In its simplest incarnation, it means to be courteous, polite, to possess good manners. In the political sense, this means that one is willing to engage in genteel discussion even though doing so may sometimes go against one’s ideological grain. The “problem” of incivility, some argue, is a plague unprecedented in American history. It is this kind of, frankly, uncritical conviction that drives the modern calls for civility at all cost.

Those who champion civility at all cost — -let’s call them the civilitarians — -proffer that incivility is the root cause of all that is wrong in politics and the chief reason voters turn away from political participation . Although there are numerous studies documenting the presence of negativity in campaigns, it is far from clear if lack of civility leads to low participation in the political process or whether it’s voter mistrust of politicians or voter apathy.

But, there is another way to think about the cacophony of calls for civility — how incivility accelerates society toward a more equitable outcome with respect to the quest for social justice. The legal scholar, Randall Kennedy, persuasively argues that… “moral progress does not just happen. It is made to happen.” What Kennedy had in mind were actions that are tainted with coercion (like strikes and boycotts); aggressive agitations exemplified by the antislavery polemics of people like William Lloyd Garrison and Frederick Douglass, both of whom decried slavery as debased and savage. Think of the violent incivility surrounding Abraham Lincoln’s marshaling of Union forces against the Confederacy. Think of the charitable, but unapologetic, words of that President’s second inaugural.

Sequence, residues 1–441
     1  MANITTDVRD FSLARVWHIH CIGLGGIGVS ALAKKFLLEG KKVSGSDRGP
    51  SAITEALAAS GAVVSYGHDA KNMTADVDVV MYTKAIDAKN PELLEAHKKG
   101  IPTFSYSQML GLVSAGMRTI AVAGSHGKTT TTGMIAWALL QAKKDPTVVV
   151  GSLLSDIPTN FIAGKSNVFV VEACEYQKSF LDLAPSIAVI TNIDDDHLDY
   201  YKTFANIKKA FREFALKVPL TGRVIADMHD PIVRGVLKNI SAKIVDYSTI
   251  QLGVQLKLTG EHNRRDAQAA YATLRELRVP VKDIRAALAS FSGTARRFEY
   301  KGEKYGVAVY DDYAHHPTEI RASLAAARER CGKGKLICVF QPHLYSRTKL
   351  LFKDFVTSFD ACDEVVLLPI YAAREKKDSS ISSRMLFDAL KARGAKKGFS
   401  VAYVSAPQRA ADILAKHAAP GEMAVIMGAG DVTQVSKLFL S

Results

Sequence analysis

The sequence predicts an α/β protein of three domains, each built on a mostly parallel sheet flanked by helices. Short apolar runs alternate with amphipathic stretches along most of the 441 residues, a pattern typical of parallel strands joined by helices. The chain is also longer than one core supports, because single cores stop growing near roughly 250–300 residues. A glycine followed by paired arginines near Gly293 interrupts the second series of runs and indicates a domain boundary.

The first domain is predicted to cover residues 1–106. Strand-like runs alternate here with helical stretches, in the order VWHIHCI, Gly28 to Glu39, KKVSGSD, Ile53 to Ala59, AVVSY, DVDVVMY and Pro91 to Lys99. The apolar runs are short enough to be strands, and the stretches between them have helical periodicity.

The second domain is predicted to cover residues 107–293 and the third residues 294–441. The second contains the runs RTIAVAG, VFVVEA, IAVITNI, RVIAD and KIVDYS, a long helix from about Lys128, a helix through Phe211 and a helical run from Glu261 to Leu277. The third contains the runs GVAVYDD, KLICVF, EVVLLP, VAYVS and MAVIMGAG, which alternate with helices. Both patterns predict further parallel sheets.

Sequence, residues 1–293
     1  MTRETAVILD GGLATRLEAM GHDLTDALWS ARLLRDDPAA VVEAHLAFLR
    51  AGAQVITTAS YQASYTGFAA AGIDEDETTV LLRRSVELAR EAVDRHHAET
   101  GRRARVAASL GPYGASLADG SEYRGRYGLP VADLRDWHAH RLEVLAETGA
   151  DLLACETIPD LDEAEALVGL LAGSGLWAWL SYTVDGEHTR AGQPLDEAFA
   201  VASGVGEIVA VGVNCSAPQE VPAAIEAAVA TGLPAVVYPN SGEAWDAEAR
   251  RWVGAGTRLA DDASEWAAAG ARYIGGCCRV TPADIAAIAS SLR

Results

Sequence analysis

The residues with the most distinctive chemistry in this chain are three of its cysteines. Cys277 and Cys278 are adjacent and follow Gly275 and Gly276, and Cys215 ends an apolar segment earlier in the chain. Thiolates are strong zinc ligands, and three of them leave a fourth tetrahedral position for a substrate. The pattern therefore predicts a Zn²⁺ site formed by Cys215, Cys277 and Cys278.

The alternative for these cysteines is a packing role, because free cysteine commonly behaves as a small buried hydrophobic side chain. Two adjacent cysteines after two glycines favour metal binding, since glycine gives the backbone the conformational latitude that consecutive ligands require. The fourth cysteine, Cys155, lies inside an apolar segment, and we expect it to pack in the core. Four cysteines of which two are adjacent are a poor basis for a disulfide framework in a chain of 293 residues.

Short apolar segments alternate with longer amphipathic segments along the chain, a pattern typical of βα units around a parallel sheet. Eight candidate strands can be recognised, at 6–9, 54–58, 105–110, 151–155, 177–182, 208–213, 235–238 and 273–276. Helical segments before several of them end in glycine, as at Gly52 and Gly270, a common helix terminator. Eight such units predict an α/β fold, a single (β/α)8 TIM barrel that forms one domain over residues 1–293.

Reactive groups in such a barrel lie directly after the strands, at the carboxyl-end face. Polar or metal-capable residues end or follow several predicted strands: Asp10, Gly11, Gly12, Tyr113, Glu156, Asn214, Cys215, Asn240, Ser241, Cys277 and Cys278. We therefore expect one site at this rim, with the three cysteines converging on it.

These words were astounding for Lincoln to utter in support of the long suffering bondsmen. In a time of aggrieved Northern loss and humiliating Southern defeat — in a White America not overly welcoming to millions of emancipated slaves — -the truth, however bitter, was what the nation required, not soothing words of civility.

Professor Randall Kennedy on the cruel incivility practiced everyday in one of the most civil venues, the American courtroom

Kennedy believes that we over-rely “on a conception of civility as manners” — -and that is the least helpful way of thinking about the relationship between civility and the need for redress of wrongs perpetrated against the marginalized. This “mannered” conception of civility–-cloaked in conforming ways of address and an ideology of politeness–-limits us to merely tolerating differing points of view. This bare tolerance distracts us from addressing real problems and, in many ways, operates as a silencing mechanism, where arguments are dismissed as uncivil regardless of the merits of the disagreement. In contentious environments (such as that which occurred in Ferguson, Occupy, Chicago, among other venues), the behavior of those offering disagreement becomes the issue and the injustice that animated the disagreement is rendered inconsequential.